9. > What possible other career in the *world* would have a $25,000 to $300,000 gap between entry and end?

    Strongly disagree. Many doctors work as paramedics before they get their MD. Most also have to spend a few years as medical interns working crazy hours and making less on an hourly basis than many retail employees (and let’s not forget that these medical interns are often making critical decisions in hospitals).

    Similar examples abound in the legal field, sports, academia, scientific research, the list goes on. Even areas of the business world can be like that.

    I won’t argue that starting pay for many RJ pilots can be “low”, but it’s not like that’s kept secret from those seeking to enter the profession or become pilots (or other professions), and people make their career choices accordingly. Over the course of years, pay tends to be at least somewhat related to supply and demand for labor and skillsets.

    1. How many of the careers you listed actually involve taking other people’s lives into your hands for their safety? Yes, I agree with the doctor intern analogy but that’s about it. The intern is pretty much guaranteed a nice lifestyle for his/her sacrifices after residency. The medic analogy I don’t buy because the medic is…not a doctor. Americans don’t want to say at the funeral, “Well, my loved one’s pilot was making $200k a year and yours only made $50k/yr.” The FAR/AIM is a huge document and as far as I know, there is no smaller one for lesser paid pilots. The responsibility, proficiency, knowledge, skills, etc…, are what the passengers are expecting all of their pilots regardless of what they fly or who they are flying for.

      1. This is 100 percent correct, and it’s important to understand this in the context of hourly/wage-earning careers where there is *uniformity* of pay across the different career stages. There is a *huge* gap between a bank teller and a bank CEO, but that is a function of position/job title, not years of service. There simply is no other hourly/wage-earning career that has such a wide (and truly unforgivable) disparity between year one and year 25. That must level out, it’s long overdue.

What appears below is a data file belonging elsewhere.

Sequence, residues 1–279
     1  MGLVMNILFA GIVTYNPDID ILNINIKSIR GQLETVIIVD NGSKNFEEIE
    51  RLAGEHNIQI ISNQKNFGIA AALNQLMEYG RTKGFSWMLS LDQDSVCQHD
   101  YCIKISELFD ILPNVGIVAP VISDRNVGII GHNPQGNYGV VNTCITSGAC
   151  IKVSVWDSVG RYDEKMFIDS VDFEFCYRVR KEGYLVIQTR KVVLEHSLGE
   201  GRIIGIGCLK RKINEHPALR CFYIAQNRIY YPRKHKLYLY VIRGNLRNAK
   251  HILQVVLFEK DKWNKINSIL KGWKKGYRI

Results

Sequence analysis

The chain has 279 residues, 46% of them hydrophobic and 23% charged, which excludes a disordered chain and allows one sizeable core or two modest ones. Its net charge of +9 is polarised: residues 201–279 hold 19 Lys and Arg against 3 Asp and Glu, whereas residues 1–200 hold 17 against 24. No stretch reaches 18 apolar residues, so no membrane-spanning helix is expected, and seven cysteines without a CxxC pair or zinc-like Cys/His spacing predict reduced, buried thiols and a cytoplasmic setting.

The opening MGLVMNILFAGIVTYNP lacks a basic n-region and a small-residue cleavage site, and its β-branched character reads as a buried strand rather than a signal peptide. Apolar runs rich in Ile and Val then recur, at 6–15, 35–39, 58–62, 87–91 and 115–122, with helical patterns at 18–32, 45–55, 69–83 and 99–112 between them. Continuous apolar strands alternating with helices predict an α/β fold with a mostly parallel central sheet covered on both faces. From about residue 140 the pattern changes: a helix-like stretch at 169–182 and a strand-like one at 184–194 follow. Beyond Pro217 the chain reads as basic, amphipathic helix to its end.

10. Given all the talk/focus on the 50 seat problem I wonder (especially if this pay raise is long term or permanent) if this could lead to renegotiation of the scope clauses that keep those 50 seat jets flying in the first place? If the pay is the same it seems to me that ALPA should be able to care less than today about outsourcing of a flight to a smaller aircraft than “mainline” since it’s no longer undercutting “mainline” pilots on pay the same way

    If the scope clauses are relaxed it could finally let replacement jets from the Embraer E2 or Mitsubishi Spacejet lines enter service or at least allow more 75 seaters like the E175 to enter the fleet